I the U.S., the customs are quite the opposite. Calling any lady old would seriously offend her. Saying an older lady might be acceptable, but never an old lady.

    In China, if you boast being old in front of anyone slightly older or even about the same age as you, their reaction might be; “How dare you claim the senior status in front of us, who the heck d’you think you are?”

    In the U.S., calling oneself old is going to be regarded as either being joking or being overly modest, or crazily modest.

    In China, if you see someone not feeling well, you’d say, “oh, you look tired and sick to death” and that shows that you are concerned. He or she would say “Thanks so much for caring about me but I’m ok really. I just need to sit for a minute.”

    In the U.S., I once saw a friend (an older lady) who appeared to have some health symptoms so I flattered her: “Pat, you look so pale, are you ok?” Immediately she became visibly mad with my “rude” comment, because she thought that I was implying a criticism over her makeup or appearance. She almost slapped me in the face. I think she might have done just that if she had not been actually weak from her conditions.

  8. Very excellent points, bigbro, and I certainly have enough Chinese acquaintances of my own that I should have considered that possibility. Yet another example of how helpful this blog can be in fostering better understanding of each others’ cultures!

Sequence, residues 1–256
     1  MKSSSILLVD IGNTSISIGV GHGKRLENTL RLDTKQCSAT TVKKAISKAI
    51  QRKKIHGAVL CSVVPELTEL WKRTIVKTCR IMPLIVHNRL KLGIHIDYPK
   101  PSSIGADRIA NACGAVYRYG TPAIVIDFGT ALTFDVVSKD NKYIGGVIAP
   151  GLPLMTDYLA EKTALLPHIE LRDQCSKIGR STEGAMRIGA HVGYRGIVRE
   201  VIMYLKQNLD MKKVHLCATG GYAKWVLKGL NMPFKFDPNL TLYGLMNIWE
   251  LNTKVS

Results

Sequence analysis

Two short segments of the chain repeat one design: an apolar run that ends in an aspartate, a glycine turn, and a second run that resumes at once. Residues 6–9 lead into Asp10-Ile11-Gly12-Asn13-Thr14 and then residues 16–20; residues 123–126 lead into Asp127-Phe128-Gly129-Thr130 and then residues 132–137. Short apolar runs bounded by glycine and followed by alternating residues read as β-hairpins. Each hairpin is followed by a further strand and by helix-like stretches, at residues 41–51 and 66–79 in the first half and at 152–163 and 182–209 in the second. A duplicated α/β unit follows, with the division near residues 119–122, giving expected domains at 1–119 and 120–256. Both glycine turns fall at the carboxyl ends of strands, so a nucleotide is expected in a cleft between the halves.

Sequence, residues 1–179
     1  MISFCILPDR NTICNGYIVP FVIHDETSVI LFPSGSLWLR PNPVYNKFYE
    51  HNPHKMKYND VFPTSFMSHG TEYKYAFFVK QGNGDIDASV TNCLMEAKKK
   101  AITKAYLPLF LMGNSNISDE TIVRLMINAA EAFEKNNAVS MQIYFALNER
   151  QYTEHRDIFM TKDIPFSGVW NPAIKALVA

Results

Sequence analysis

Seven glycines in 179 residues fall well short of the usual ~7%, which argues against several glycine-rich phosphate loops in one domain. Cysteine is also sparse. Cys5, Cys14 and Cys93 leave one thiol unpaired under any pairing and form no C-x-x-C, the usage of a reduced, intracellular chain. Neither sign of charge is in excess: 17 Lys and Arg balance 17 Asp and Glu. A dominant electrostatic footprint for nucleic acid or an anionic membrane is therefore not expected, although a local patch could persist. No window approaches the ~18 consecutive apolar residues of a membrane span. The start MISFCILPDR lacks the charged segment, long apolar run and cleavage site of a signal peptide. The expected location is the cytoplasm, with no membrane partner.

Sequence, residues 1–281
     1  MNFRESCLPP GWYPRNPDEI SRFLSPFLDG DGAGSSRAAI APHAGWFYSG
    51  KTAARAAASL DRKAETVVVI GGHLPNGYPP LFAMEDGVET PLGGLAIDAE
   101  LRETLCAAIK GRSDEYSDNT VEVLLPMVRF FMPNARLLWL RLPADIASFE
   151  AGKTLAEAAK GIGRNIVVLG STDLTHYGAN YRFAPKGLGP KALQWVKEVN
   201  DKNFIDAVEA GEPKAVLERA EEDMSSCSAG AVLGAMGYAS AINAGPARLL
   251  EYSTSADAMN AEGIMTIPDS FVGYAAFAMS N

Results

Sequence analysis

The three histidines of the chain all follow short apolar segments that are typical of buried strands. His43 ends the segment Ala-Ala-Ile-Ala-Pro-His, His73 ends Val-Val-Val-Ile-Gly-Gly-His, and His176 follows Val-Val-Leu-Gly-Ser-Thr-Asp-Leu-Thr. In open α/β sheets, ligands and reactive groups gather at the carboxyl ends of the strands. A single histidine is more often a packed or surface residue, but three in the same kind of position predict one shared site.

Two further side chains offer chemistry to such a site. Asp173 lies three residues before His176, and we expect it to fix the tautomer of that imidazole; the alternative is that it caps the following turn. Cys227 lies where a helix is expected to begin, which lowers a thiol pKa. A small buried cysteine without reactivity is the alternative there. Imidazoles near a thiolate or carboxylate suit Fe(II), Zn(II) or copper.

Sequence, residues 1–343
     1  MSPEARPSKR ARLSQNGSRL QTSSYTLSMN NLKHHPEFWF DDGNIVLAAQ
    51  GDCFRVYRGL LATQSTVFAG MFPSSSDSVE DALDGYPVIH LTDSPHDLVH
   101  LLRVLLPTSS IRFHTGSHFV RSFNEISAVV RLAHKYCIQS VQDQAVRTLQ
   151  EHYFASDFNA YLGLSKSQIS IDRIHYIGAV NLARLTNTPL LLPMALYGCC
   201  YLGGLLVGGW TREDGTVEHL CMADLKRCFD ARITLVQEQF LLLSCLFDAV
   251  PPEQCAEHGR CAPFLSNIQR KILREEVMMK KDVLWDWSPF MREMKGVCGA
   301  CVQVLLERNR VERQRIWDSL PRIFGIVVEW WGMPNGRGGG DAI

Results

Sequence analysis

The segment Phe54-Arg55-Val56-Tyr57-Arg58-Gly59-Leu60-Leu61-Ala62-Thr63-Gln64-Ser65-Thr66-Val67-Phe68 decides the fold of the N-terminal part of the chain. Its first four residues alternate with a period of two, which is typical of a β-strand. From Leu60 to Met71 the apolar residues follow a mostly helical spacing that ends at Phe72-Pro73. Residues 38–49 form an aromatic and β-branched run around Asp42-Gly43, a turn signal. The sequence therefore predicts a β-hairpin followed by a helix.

9. Ops. Carroll, I didn’t know the word in the report means anything bad or rude in American culture. I didn’t see anything wrong when I first saw the report so I posted it here for your reference. “Old Lady” in Chinese word may mean some respectful lady. This is the difference of culture again.

  10. No worries, Jian Shuo — I understand it completely now thanks to bigbro’s astute reminders about the cultural differences at work here. This is one of those difficult “opposites” — here in the US, it is definitely considered rude or dismissive to call someone “old lady” or “old man” (Examples would be “Oh, don’t pay any attention to what she has to say — she’s just an old lady” or “Get out of my way, old man!”) But in your country, if I was a friend of your family, or your next door neighbor, I think you might call me “Auntie” or “Old Auntie” as a sign of respect and affection. I certainly know how you feel about me, no matter how you say it, so that’s really all that matters :-) And besides, I think it’s kind of cool to visualize a *really* old lady (like around 80 or so) sitting at a computer in California, chatting away with young people she considers to be her friends in China. Hopefully that **will** be me one day!

  11. Jian Shuo, remember this (and it demonstrates how serious this American cultural phenomenon is). When that day comes and you are interviewed again, you should say that Lady Carroll of California is 80 years young, not 80 years old.

    The astute further wishes to be anal. Here is an expansion to one of my previous examples: In the U.S., calling oneself old is going to be regarded as either being joking or being overly modest, or being mentally imbalanced (depressed or suicidal). So there is a small chance that, if you go: “Gosh, I am ooold,” your concerned friend might reply: “Are you OK? Perhaps you ought to go and see someone,” meaning to visit a psychiatric doctor or counselor and he’s not joking.